Editors Note: the following reflection was written by someone who has faced incarceration and was originally published in the newsletter Voices...
“It is not by harshness or by severity, or by overbearing methods, that social evils are removed. It is by education rather than by formal commands, by persuasion rather than by threats.”
– St. Augustine (Letter 22, 5)
What St. Augustine Says
Mass Incarceration impacts all of us. Nearly half of all Americans have had a loved one incarcerated, yet two out of every three people who are released from prison will commit another crime. The current system of mass incarceration in our country is largely retributive rather than restorative, and disproportionately impacts the poor and minorities. This further perpetuates the systemic causes of crime including poverty, educational disparity, and racism. At the core of the discussion is how to create a more restorative system of crime prevention. Saint Augustine lived in a time when racial and economic inequality, crime, and incarceration were seemingly as prevalent as they are in our day today. Yet, he continually advocated for a system that restores rather than simply punishes.
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In the Words of Augustine
"When a traveler gets tired of walking along the dusty road, he puts up with fatigue because he hopes to arrive home. Rob him of any hope of arriving and immediately his strength for walking is broken."
Sermon 158, 8
"Essentially, the distinguishing mark of those who strive after Christian perfection is that they love the sinner and detest only sins. When they must avenge wrongdoing, they do so, not with the cruelty of hatred, but with justice administered with moderation, lest forgiveness without satisfaction do more harm to the sinner than punishment."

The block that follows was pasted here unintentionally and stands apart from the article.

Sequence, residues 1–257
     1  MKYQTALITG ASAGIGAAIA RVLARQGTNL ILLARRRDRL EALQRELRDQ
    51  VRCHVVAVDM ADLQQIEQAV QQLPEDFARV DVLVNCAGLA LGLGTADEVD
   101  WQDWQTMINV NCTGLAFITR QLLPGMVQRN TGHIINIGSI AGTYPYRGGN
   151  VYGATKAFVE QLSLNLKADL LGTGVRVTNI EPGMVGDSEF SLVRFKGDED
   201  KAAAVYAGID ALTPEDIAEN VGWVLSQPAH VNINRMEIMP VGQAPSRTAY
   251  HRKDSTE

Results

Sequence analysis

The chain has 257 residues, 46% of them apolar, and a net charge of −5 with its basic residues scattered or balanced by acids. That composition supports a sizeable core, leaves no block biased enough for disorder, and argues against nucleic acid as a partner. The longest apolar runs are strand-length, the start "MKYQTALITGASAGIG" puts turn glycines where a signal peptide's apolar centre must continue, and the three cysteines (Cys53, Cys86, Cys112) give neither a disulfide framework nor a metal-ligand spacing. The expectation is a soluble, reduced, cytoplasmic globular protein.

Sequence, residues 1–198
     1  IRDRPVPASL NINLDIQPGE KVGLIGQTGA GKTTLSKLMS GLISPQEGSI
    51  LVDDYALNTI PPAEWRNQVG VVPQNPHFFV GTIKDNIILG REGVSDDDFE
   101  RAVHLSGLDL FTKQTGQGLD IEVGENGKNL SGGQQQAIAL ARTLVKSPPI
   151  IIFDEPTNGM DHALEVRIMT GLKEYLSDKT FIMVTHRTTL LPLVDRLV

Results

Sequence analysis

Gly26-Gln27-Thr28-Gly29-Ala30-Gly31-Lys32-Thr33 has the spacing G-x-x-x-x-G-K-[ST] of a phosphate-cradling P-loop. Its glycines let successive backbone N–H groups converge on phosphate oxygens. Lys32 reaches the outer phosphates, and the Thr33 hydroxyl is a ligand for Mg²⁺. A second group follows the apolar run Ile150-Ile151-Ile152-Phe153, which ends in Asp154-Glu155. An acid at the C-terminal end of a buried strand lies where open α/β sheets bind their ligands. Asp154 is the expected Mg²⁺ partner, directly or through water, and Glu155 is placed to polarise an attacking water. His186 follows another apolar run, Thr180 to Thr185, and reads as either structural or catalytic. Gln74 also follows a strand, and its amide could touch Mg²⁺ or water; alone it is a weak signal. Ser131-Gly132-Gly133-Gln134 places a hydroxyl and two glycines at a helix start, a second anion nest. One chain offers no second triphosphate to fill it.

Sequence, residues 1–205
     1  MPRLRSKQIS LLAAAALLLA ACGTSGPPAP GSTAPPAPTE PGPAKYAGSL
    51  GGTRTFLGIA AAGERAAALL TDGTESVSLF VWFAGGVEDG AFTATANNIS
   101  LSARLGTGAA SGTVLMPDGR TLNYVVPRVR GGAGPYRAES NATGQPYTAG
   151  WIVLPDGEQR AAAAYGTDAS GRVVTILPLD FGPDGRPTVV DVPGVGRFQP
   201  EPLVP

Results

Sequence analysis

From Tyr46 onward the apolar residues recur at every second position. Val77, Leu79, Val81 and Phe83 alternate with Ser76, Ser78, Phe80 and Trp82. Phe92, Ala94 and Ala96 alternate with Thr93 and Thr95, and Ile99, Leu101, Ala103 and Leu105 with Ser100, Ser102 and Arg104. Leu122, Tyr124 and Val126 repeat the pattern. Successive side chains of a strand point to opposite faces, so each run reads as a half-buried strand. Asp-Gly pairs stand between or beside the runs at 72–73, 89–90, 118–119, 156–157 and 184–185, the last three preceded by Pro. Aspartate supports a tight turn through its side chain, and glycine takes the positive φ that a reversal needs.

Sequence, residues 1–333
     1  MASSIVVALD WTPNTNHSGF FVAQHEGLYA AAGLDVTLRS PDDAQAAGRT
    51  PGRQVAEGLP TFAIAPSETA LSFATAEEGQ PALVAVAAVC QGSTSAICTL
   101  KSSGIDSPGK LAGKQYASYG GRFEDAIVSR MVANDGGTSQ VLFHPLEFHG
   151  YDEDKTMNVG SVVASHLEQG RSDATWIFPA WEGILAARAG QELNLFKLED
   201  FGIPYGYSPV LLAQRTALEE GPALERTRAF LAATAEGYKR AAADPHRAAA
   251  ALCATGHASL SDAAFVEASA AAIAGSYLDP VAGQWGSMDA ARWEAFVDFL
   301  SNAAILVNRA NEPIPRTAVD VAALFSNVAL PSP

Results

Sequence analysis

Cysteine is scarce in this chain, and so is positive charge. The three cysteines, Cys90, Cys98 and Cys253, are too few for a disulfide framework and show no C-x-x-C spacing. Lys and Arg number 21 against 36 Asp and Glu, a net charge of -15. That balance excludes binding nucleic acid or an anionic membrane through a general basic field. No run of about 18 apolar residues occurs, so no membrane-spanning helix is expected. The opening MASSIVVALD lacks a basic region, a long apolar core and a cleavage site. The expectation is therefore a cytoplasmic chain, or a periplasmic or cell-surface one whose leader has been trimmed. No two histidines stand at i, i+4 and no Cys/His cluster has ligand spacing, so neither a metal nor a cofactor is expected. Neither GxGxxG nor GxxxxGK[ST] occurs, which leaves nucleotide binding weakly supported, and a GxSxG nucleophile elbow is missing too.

Against Adamants 17
“We call those Christian rulers happy who govern with justice, never forgetting that they are only human. They think of sovereignty as a ministry of God, and they fear and worship God. They are slow to punish and quick to forgive. They temper with mercy and generosity the unavoidable harshness of their commands."
City of God, 5, 24
"Love and do what you will. If you keep silence, do it out of love. If you cry out, do it out of love. If you refrain from punishing, do it out of love."
Sermon on 1 John 7, 8
"We do not wish to have the sufferings of the servants of God avenged by the infliction of precisely similar injuries in the way of retaliation. Not, of course, that we object to the removal from these wicked men of the liberty to perpetrate further crimes; but our desire is rather that justice be satisfied without the taking of their lives or the maiming of their bodies in any part, and that, by such coercive measures as may be in accordance with the laws, they be turned from their insane frenzy to the quietness of men in their sound judgment, or compelled to give up mischievous violence and betake themselves to some useful labour."
Sermon 133, 1
"who does not see that when a restraint is put upon the boldness of savage violence, and the remedies fitted to produce repentance are not withdrawn, this discipline should be called a benefit rather than vindictive punishment?"
Sermon 133, 1
An Augustian Response
A more restorative response to crime
Learn more about the issue of Mass Incarceration
If you or someone you love has faced incarceration or have been a victim of crime,
From becoming a pen pal to visiting the imprisoned there are lots of ways to get involved.
Mass Incarceration Impacts All of Us
An Unfair System
It is Ineffective
Relation to Other Societal Issues
Hear the Voices of the Imprisoned
A selection of letters from the imprisoned and those who minister with them
Editors Note: This reflection was originally published in the Voices from Prison and the Edge newsletter (issue #30), a publication...
Editors Note: This poem was written by someone who has faced incarceration. It was originally published in the Voices from...